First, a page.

AVERAGE WHITE BAND: CUT THE CAKE (1975)
1) Cut The Cake; 2) School Boy Crush; 3) It’s A Mystery; 4) Groovin’ The Night Away; 5) If I Ever Lose This Heaven; 6) Why; 7) High Flyin’ Woman; 8) Cloudy; 9) How Sweet Can You Get; 10) When They Bring Down The Curtain.
Recording of this album was somewhat darkened by the accidental death of the band’s drummer, Robbie McIntosh, from overdosing, with a story that would be fairly typical for the rock hero party style of the time — an unfortunate side effect of «normal» L.A. party entertainment, with someone «accidentally» substituting cocaine for heroin (could be from here that Quentin got the inspiration for Pulp Fiction, or from a billion similar stories, I guess).
The evil joker inside me wishes to state that the rest of the band were too stoned to notice anyway, and that is why they carried on like nothing happened, with Cut The Cake continuing in exactly the same vein as AWB; but, as a matter of fact, they did notice (if anything, Alan Gorrie nearly died as well in the same incident, only saved in the nick of time by Cher — «best thing Cher ever did», adds the evil joker), quickly replacing Robbie with Steve Ferrone and dedicating their next record to his memory. If there ever was an individualistic change in the drumming style, count me too coarse to notice.
Having mentioned the band’s transfer to sunny California in the previous review, I forgot to mention that the label was Atlantic, and the new producer was Arif Mardin — the same guy who was, at the exact same time, responsible for rebooting the career of the Bee Gees; and, for that matter, I find it quite unfair that even the finest efforts of the AWB have mostly fled from public memory where albums like Main Course managed to take solid root in it. The Bee Gees had the unquestionable advantage of finding the better hooks for their dance grooves; but the AWB were far more respectable as a real groove-based band of actual musicians, rather than three pretty voices backed by interchangeable session players.
Even the songwriting, at this point, could be disputed. Maybe it was their bandmate’s death that provided an unprecedented fit of sentimental inspiration, but the ballads on this record — ‘If I Ever Lose This Heaven’, ‘How Sweet Can You Get’, and particularly ‘Cloudy’ — find beautiful vocal lines to host their emotions, and, at the same time, feel livelier and less glossy than any ‘More Than A Woman’ could be. They are glossy: Mardin, ever the dedicated escapist, gives every number the cleanest sound possible and lays enough echo on the vocals to place an unbreachable distance between the singer and the listener. But the playing is inventive and even improvisatory, which compensates for overproduction.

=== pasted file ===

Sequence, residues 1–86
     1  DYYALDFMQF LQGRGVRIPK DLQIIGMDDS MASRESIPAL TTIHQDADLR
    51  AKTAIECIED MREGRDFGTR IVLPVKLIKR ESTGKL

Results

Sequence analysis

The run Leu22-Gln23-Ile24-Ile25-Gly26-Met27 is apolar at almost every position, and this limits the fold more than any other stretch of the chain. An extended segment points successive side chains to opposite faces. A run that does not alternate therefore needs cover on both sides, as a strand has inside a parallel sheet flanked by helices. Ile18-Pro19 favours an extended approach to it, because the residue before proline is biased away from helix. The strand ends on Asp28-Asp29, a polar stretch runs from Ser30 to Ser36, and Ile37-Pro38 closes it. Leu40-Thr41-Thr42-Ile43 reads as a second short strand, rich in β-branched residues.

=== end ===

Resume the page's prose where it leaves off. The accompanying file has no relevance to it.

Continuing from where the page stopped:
That said, us tough guys will probably want to throw out the sissy stuff and look for red meat. The juiciest slice is right on top — the title track, a worthy sequel to ‘Pick Up The Pieces’ as one of those near-instrumental compositions that the AWB deserve to be remembered for: another combination of interlocking guitar, bass, drum, and brass lines that is simply infectious beyond reason, or adequate description. But there is also ‘Groovin’ The Night Away’, whose purpose adequately matches the title, and ‘School Boy Crush’, which starts out cool-struttin’ and arrogant like an Aerosmith number (unfortunately, not really delivering upon the promises of that terrific bass groove), all of them quite worth the while of any big fan of the syncopated approach.
And, for that matter, only the last number, ‘When They Bring Down The Curtain’, should probably qualify as proper «proto-disco», even if the rhythm section is still playing by its own rules without properly subjugating itself to the simplifications of disco. So for those who like drawing strict lines between «funk» and «disco», I can safely certify that Cut The Cake is quite «old school». It is also one of the AWB’s finest efforts, although the degree of its adventurousness will probably be better assessed by professional musicians than an average white listener: like all of its predecessors, Cut The Cake really only starts growing once your ear has been properly converted into a democratic six-track system, in which Gorrie’s bass is given the same attention as Hamish Stuart’s guitar etc. I am not sure I have completed the process, but at least it has progressed far enough where, without scruples, I would be glad to support Cut The Cake with yet another thumbs up — if everybody in the world who makes music without a single spark of genius would at least aspire to this level, that would certainly save us all a lot of trouble.
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